Nutt v. State

Decision Date11 July 1983
Docket NumberNo. 2-882A238,2-882A238
Citation451 N.E.2d 342
PartiesSteven E. NUTT, Appellant (Defendant Below), v. STATE of Indiana, Appellee (Plaintiff Below).
CourtIndiana Appellate Court

Merrill W. Otterman, Howard County Deputy Public Defender, Kokomo, for appellant.

Linley E. Pearson, Atty. Gen., Michael Gene Worden, Deputy Atty. Gen., Indianapolis, for appellee.

BUCHANAN, Chief Judge.

CASE SUMMARY

Defendant-appellant Steven E. Nutt (Nutt) seeks remand of his conviction of failure to appear 1 so that he may be allowed credit for pre-sentence time served in Texas from the time Indiana authorities placed a "hold" on him to the time of his extradition to Indiana.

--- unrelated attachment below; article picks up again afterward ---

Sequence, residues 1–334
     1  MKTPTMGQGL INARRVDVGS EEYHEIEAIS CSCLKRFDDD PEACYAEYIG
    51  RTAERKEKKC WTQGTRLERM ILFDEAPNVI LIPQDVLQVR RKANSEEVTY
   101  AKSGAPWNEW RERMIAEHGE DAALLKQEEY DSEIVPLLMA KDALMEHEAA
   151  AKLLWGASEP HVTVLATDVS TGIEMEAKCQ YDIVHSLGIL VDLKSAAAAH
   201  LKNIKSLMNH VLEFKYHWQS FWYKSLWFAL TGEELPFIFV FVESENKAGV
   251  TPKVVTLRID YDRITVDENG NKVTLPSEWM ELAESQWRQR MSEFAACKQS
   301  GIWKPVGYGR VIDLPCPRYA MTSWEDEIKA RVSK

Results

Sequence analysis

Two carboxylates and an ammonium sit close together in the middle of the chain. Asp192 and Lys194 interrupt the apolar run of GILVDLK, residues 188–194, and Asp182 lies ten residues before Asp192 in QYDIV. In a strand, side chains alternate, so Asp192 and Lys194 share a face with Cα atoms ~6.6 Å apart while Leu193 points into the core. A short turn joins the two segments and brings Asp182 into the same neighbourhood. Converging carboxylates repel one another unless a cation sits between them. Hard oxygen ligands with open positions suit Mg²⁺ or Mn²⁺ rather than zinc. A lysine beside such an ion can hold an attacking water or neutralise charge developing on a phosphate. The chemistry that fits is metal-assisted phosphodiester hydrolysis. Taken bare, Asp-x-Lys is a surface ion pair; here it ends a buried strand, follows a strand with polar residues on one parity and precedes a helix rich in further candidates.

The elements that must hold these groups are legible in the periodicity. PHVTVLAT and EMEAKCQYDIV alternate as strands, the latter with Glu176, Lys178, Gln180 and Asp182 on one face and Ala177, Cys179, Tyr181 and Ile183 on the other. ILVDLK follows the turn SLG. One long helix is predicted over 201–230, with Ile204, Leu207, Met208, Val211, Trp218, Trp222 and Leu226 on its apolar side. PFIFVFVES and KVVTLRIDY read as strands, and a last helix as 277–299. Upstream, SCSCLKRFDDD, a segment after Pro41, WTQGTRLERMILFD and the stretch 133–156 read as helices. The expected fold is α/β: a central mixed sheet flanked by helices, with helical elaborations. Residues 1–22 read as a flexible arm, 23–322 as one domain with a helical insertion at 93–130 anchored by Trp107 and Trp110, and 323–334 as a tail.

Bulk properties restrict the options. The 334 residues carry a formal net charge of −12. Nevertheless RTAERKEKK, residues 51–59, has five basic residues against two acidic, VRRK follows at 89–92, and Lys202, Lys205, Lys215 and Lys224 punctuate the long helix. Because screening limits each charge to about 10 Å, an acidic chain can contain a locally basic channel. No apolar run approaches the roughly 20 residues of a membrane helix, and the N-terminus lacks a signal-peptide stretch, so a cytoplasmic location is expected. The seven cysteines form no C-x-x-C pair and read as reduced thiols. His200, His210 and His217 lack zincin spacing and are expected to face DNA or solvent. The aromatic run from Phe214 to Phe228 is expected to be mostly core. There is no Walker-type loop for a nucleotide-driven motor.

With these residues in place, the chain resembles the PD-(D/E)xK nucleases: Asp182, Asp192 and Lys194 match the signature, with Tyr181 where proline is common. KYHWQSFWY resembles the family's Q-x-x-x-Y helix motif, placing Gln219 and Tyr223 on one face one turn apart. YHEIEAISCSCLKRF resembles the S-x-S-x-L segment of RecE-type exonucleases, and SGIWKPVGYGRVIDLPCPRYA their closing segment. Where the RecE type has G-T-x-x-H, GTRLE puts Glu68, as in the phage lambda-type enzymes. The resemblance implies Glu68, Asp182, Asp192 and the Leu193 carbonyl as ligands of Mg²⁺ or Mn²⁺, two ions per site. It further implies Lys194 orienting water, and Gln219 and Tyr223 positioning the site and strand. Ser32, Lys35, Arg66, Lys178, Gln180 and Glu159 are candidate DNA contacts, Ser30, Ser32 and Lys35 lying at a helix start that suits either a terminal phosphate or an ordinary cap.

We remand for proceedings consistent with this opinion.

FACTS

The undisputed facts are that on November 19, 1980, a warrant was issued in Howard County for Nutt's arrest for failure to appear in connection with a charge of theft. Nutt had gone to Texas, where he was arrested on unrelated charges on February 13, 1981. Howard County authorities learned of Nutt's arrest and, on February 14, 1981, filed a "hold" with Texas authorities.

On June 9, 1981, the Texas charges were dismissed, but Nutt was kept in custody pursuant to Indiana's "hold." Indiana filed notice of its intent to extradite Nutt on June 19, 1981, and after exhausting all possible challenges to the extradition proceedings, Nutt was returned to Indiana on January 25, 1982.